Media depictions of men and women as fundamentally “different” appear to perpetuate misconceptions – despite the lack of evidence. The resulting “urban legends” of gender difference can affect men and women at work and at home, as parents and as partners. As an example, workplace studies show that women who go against the caring, nurturing feminine stereotype may pay dearly for it when being hired or evaluated. And when it comes to personal relationships, best-selling books and popular magazines often claim that women and men don’t get along because they communicate too differently. Hyde suggests instead that men and women stop talking prematurely because they have been led to believe that they can’t change supposedly “innate” sex-based traits.

Hyde has observed that children also suffer the consequences of exaggerated claims of gender difference — for example, the widespread belief that boys are better than girls in math. However, according to her meta-analysis, boys and girls perform equally well in math until high school, at which point boys do gain a small advantage. That may not reflect biology as much as social expectations, many psychologists believe. For example, the original Teen Talk Barbie ™, before she was pulled from the market after consumer protest, said, “Math class is tough.”

As a result of stereotyped thinking, mathematically talented elementary-school girls may be overlooked by parents who have lower expectations for a daughter’s success in math. Hyde cites prior research showing that parents’ expectations of their children’s success in math relate strongly to the children’s self-confidence and performance.

Moving Past Myth

Hyde and her colleagues hope that people use the consistent evidence that males and females are basically alike to alleviate misunderstanding and correct unequal treatment. Hyde is far from alone in her observation that the clear misrepresentation of sex differences, given the lack of evidence, harms men and women of all ages. In a September 2005 press release on her research issued by the American Psychological Association (APA), she said, “The claims [of gender difference] can hurt women’s opportunities in the workplace, dissuade couples from trying to resolve conflict and communication problems and cause unnecessary obstacles that hurt children and adolescents’ self-esteem.”

Psychologist Diane Halpern, PhD, a professor at Claremont College and past-president (2005) of the American Psychological Association, points out that even where there are patterns of cognitive differences between males and females, “differences are not deficiencies.” She continues, “Even when differences are found, we cannot conclude that they are immutable because the continuous interplay of biological and environmental influences can change the size and direction of the effects some time in the future.”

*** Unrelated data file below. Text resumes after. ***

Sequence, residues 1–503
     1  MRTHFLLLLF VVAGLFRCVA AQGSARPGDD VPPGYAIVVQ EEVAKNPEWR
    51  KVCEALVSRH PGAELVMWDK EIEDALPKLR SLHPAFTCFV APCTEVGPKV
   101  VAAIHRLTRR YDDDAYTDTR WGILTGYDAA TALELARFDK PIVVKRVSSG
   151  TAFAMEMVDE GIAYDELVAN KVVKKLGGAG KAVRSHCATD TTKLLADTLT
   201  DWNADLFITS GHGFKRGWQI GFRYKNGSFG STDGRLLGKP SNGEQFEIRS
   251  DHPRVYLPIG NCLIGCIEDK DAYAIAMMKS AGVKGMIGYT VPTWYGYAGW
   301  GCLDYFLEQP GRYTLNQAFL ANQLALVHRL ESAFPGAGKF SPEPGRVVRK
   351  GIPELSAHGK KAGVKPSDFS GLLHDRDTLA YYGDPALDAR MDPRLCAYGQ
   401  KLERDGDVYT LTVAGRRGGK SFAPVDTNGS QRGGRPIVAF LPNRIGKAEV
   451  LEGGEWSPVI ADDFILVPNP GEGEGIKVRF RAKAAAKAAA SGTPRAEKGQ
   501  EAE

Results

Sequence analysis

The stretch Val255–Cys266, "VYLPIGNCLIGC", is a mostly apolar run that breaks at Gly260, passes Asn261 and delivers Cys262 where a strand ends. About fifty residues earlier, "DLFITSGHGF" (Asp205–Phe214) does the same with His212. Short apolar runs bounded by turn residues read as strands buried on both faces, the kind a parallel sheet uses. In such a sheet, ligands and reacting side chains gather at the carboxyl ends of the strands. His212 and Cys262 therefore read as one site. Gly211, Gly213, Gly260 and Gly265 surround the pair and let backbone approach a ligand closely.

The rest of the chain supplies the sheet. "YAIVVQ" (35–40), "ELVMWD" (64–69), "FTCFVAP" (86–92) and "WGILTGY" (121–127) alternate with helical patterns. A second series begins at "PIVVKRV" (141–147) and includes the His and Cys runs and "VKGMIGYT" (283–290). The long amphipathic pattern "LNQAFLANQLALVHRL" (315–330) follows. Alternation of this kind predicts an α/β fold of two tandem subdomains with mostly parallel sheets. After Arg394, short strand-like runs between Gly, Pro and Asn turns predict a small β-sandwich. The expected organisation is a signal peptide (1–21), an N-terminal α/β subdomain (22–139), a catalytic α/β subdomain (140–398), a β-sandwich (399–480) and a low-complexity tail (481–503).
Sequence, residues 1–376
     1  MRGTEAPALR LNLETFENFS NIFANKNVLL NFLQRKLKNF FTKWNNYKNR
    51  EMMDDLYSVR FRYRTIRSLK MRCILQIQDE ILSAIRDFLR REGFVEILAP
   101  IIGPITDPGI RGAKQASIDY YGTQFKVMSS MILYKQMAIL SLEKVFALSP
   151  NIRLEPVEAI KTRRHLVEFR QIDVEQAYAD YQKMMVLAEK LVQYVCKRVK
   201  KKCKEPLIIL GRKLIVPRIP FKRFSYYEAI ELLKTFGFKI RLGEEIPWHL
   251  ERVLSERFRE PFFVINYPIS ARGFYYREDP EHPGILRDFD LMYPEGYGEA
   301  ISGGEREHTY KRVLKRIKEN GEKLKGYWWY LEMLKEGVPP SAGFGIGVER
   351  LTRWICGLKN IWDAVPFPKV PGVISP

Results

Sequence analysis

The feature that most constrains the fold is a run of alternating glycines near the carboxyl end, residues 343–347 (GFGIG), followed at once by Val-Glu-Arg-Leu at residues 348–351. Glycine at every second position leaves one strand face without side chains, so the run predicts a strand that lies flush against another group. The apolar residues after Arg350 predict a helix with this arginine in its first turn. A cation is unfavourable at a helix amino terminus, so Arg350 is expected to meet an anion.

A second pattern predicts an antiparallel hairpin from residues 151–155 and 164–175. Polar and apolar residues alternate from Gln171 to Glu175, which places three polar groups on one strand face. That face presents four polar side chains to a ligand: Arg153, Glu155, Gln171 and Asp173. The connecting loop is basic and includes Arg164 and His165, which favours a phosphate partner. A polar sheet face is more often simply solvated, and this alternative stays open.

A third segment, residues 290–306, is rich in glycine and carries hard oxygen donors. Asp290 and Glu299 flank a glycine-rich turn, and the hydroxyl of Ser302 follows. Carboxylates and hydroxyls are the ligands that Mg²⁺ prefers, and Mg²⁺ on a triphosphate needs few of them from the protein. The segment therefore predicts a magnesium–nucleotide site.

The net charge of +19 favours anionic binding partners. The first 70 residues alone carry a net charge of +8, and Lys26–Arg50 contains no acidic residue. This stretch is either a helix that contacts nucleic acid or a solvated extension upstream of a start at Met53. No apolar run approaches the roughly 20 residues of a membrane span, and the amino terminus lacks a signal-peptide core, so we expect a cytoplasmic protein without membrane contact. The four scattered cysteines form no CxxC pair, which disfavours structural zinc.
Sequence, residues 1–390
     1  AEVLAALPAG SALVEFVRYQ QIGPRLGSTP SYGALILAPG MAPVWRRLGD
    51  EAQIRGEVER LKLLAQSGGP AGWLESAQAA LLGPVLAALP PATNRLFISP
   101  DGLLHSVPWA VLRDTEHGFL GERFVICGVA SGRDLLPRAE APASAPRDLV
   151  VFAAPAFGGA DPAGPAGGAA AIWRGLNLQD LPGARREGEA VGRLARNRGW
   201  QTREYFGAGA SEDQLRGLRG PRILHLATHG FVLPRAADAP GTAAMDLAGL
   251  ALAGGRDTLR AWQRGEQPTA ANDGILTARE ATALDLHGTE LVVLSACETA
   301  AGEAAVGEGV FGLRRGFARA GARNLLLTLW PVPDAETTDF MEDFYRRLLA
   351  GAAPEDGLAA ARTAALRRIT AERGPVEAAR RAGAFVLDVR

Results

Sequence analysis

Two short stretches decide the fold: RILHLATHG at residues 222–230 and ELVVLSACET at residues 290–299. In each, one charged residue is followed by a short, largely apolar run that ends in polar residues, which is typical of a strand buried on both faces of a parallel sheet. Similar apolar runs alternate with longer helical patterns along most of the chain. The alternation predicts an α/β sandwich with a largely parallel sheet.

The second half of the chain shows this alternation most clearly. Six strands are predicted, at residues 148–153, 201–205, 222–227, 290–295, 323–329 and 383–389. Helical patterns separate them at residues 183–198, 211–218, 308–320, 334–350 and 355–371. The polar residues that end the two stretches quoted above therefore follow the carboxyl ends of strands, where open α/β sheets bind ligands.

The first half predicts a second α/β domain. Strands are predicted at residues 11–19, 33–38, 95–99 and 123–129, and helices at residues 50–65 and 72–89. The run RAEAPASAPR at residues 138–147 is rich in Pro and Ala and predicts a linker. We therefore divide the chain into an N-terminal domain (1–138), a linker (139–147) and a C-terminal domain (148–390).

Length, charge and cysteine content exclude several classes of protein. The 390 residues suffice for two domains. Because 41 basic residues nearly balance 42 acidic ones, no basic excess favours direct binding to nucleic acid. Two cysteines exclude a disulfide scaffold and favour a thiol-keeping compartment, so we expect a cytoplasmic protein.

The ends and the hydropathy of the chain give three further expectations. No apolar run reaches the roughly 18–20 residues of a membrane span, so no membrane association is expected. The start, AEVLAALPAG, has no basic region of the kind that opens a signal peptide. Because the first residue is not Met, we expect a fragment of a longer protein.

The differences that are supported by the evidence cause concern, she believes, because they are sometimes used to support prejudicial beliefs and discriminatory actions against girls and women. She suggests that anyone reading about gender differences consider whether the size of the differences are large enough to be meaningful, recognize that biological and environmental variables interact and influence one other, and remember that the conclusions that we accept today could change in the future.

Cited Research

Archer, J. (2004). Sex differences in aggression in real-world settings: A meta-analytic review. Review of General Psychology, 8, 291-322.

Barnett, R. & Rivers, C. (2004). Same difference: How gender myths are hurting our relationships, our children, and our jobs. New York: Basic Books.

Eaton, W. O., & Enns, L. R. (1986). Sex differences in human motor activity level. Psychological Bulletin, 100, 19-28.

Feingold, A. (1994). Gender differences in personality: A meta-analysis. Psychological Bulletin, 116, 429-456.

Halpern, D. F. (2000). Sex Differences in Cognitive Abilities (3rd Edition). Mahwah, NJ: Lawrence Erlbaum, Associates, Inc. Publishers.

Halpern, D. F. (2004). A cognitive-process taxonomy for sex differences in cognitive abilities. Current Directions in Psychological Science, 13 (4), 135-139.